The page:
Improve Your Workouts with Caffeine and Creatine

Do you consume either of these substances as a supplement to improve your physical performance? Get the scoop on creatine and caffeine in our post today.
Improve Your Workouts with Caffeine and Creatine

Last update: 26 January, 2020

For years now, athletes have been turning to drinks that are specifically formulated for better performance. These drinks contain protein and other components such as creatine or caffeine. But, are there any background studies on creatine and caffeine?

According to the Scientific Committee on Food, both substances fall under the same category and show positive results for athletic performance. Thus, people use caffeine and creatine for ergogenic use, or in other words, to improve their performance.


Caffeine is widely used and present in many cultures such as coffee, tea or chocolate. It has stimulating properties, making it a useful substance in sports nutrition.

In addition, people don’t consume caffeine as a pure substance. Instead, it’s often mixed with other ingredients to make sports supplements, such as energy drinks.

Administration protocol

In order to enhance athletic performance, users need to consume around 200 to 300 milligrams– or 3 to 6 milligrams per pound of total bodyweight– of pure caffeine. The same dose in the form of tea will yield poorer results.

But, users should also take their own tolerance levels and habits into consideration. Ingesting low doses of caffeine after not having ingested it regularly can yield similar results to ingesting high doses on a regular basis.

Therefore everyone needs to find their own ideal dose of caffeine.

caffeine creatine dose

As for ways of consuming caffeine, there are various options. The most common forms include caffeine pill supplements, coffee, and sports drinks. However, alternative options also include gum, energy bars, gels, mouthwash, energy drinks, and sprays.

Depending on the form of consumption, the body can absorb caffeine faster, such as in the case of gum in comparison to the pills. The speed of absorption is an important factor in many sport situations. However, researchers need to carry out more studies to test the different ways of consuming caffeine.

Side effects

Consuming caffeine can lead to mild side effects (such as nervousness or gastrointestinal discomfort) depending on dose and individual tolerance. In some cases, it can also lead to serious side effects such as ulcers, or epileptic episodes.


Creatine, or n-methyl guanidino-acetic acid, is an organic compound present in meats and fish.

Users can consume this substance for two purposes: as an energy source for high-intensity tasks or to reduce muscle fatigue.

As an energy source

The body stores 95 percent of creatine in skeletal muscles. When the subject is resting, it releases or uses it to create another molecule called phosphocreatine. Phosphocreatine helps the body obtain energy during short, high-intensity exercises.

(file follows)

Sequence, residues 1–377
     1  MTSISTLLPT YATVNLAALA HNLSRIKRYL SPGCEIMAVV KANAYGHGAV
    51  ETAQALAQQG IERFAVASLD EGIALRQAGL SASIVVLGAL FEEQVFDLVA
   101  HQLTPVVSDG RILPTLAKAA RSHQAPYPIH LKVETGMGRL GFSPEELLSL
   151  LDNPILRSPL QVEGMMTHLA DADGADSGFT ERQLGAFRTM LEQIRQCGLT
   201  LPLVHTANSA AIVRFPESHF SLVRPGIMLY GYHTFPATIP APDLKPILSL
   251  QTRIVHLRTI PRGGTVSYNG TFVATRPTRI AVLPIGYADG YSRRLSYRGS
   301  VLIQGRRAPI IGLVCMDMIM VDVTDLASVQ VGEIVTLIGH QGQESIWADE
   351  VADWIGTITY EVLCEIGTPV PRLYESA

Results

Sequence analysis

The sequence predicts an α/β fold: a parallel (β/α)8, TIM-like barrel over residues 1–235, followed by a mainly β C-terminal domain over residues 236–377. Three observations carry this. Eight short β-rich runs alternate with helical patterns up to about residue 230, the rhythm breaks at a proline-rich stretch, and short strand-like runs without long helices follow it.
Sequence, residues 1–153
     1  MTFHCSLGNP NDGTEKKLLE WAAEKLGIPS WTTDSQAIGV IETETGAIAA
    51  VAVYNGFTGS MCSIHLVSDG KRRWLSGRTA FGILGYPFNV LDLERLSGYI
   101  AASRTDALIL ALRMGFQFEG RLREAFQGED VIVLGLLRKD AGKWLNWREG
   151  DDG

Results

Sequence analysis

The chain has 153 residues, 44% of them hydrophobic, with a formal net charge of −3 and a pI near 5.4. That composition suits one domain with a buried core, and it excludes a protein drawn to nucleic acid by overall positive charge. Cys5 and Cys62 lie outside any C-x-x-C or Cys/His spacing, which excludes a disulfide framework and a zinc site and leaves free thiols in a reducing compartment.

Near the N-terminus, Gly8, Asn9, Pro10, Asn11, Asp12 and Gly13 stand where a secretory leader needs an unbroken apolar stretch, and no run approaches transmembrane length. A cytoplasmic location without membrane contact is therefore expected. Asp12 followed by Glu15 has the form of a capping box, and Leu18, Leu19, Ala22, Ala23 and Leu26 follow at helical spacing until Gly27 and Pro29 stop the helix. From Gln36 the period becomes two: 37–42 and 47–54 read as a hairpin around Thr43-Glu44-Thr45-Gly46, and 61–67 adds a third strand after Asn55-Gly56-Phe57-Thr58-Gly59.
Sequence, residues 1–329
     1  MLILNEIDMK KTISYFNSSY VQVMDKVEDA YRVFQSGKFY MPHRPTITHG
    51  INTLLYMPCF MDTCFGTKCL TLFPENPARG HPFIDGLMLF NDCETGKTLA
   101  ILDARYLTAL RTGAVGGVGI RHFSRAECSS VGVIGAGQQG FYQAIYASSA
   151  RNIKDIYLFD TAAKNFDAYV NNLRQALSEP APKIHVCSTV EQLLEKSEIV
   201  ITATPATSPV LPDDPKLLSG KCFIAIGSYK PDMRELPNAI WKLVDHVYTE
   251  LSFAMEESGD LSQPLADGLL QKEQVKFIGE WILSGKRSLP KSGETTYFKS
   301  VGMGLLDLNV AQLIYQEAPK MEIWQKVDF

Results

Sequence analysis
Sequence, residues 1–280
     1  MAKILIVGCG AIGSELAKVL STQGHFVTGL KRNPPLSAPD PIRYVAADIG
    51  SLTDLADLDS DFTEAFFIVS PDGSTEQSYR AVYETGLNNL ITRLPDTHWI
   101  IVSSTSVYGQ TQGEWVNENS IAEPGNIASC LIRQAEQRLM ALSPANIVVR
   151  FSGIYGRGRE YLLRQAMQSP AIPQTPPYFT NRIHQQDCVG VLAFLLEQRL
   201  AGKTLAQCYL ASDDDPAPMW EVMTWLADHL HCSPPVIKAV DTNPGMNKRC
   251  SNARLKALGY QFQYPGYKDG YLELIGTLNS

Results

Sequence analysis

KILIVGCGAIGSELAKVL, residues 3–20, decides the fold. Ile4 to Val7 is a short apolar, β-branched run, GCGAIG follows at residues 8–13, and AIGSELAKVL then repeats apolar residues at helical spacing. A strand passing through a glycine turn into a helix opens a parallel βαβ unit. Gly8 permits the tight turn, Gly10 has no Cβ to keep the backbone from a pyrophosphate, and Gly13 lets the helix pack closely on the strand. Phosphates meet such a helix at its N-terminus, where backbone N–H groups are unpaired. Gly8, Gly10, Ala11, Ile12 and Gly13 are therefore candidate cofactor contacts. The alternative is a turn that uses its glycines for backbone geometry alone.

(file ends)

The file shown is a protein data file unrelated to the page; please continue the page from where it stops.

To reduce fatigue

During a workout, muscles produce acids when releasing hydrogen ions, which in turn result from the natural reactions for obtaining energy. The resulting acidosis causes fatigue. Creatine uses those ions to form phosphocreatine, which reduces the number of ions that can produce acidosis.

caffeine creatine fatigue

Creatine as a supplement

Studies have shown that creatine is a safe and effective nutritional supplement for enhancing physical performance. Creatine works efficiently for short, high-intensity workouts– or exercises that last between 30 seconds to two minutes. It also works well for interval exercises.

As for dosage, there are two options:

Protocol for fast charge

For 5-7 days users should take 20-30 grams of creatine, divided in four servings, a day. Fast charge users need to go through a maintenance phase as well where they should take single 3-5 gram doses a day.

Protocol for a slow charge

A slow charge will yield the same results as fast charge but uses different doses. In slow charge, users should take 3-5 grams of creatine once a day for four weeks.

Can you use caffeine and creatine together?

Research suggests that taking caffeine and creatine together reduces the absorption of the latter substance. However, the weaker absorption only occurs when the user ingests them at the same time. If you take them at different times of the day, the ergogenic effects of creatine will still yield positive results.

All cited sources were thoroughly reviewed by our team to ensure their quality, reliability, currency, and validity. The bibliography of this article was considered reliable and of academic or scientific accuracy.

  • Graham TE, Hibbert E, Sathasivam P. Metabolic and exercise endurance effects of coffee and caffeine ingestion. J Appl Physiol. 1998;85:883-9
  • Goldstein ER, Ziegenfuss T, Kalman D, Kreider R, Campbell B, Wilborn C, et al. International Society of Sports Nutrition position stand: caffeine and performance. J Int Soc Sports Nutr. 2010;7:5
  • Wickham KA, Spriet LL. Administration of caffeine in alternate forms. Sports Med. 2018;48(Suppl 1):79-91
  • Greenwood M, Kreider R, Earnest C, Rasmussen C, Almada A. Differences in creatine retention among three nutritional formulations of oral creatine supplements. JEPonline. 2003;6:37-43
  • Hopwood MJ, Graham K, Rooney KB. Creatine supplementation and swim performance: a brief review. J Sports Sci Med. 2006;5:10-24
  • Walzer B, Speer O, Boehm E, Kristiansen S, Chan S, Clarke K, et al. New creatine transporter assay and identification of distintict creatine transporter isoforms in muscle. Am J Physiol Endocrinol Metab. 2002;283:390-401
  • Doherty M, Smith PM, Davison RC, Hughes MG. Caffeine is ergogenic after supplementation of oral creatine monohydrate. Med Sci Sports Exc. 2002;34:1785-92

This text is provided for informational purposes only and does not replace consultation with a professional. If in doubt, consult your specialist.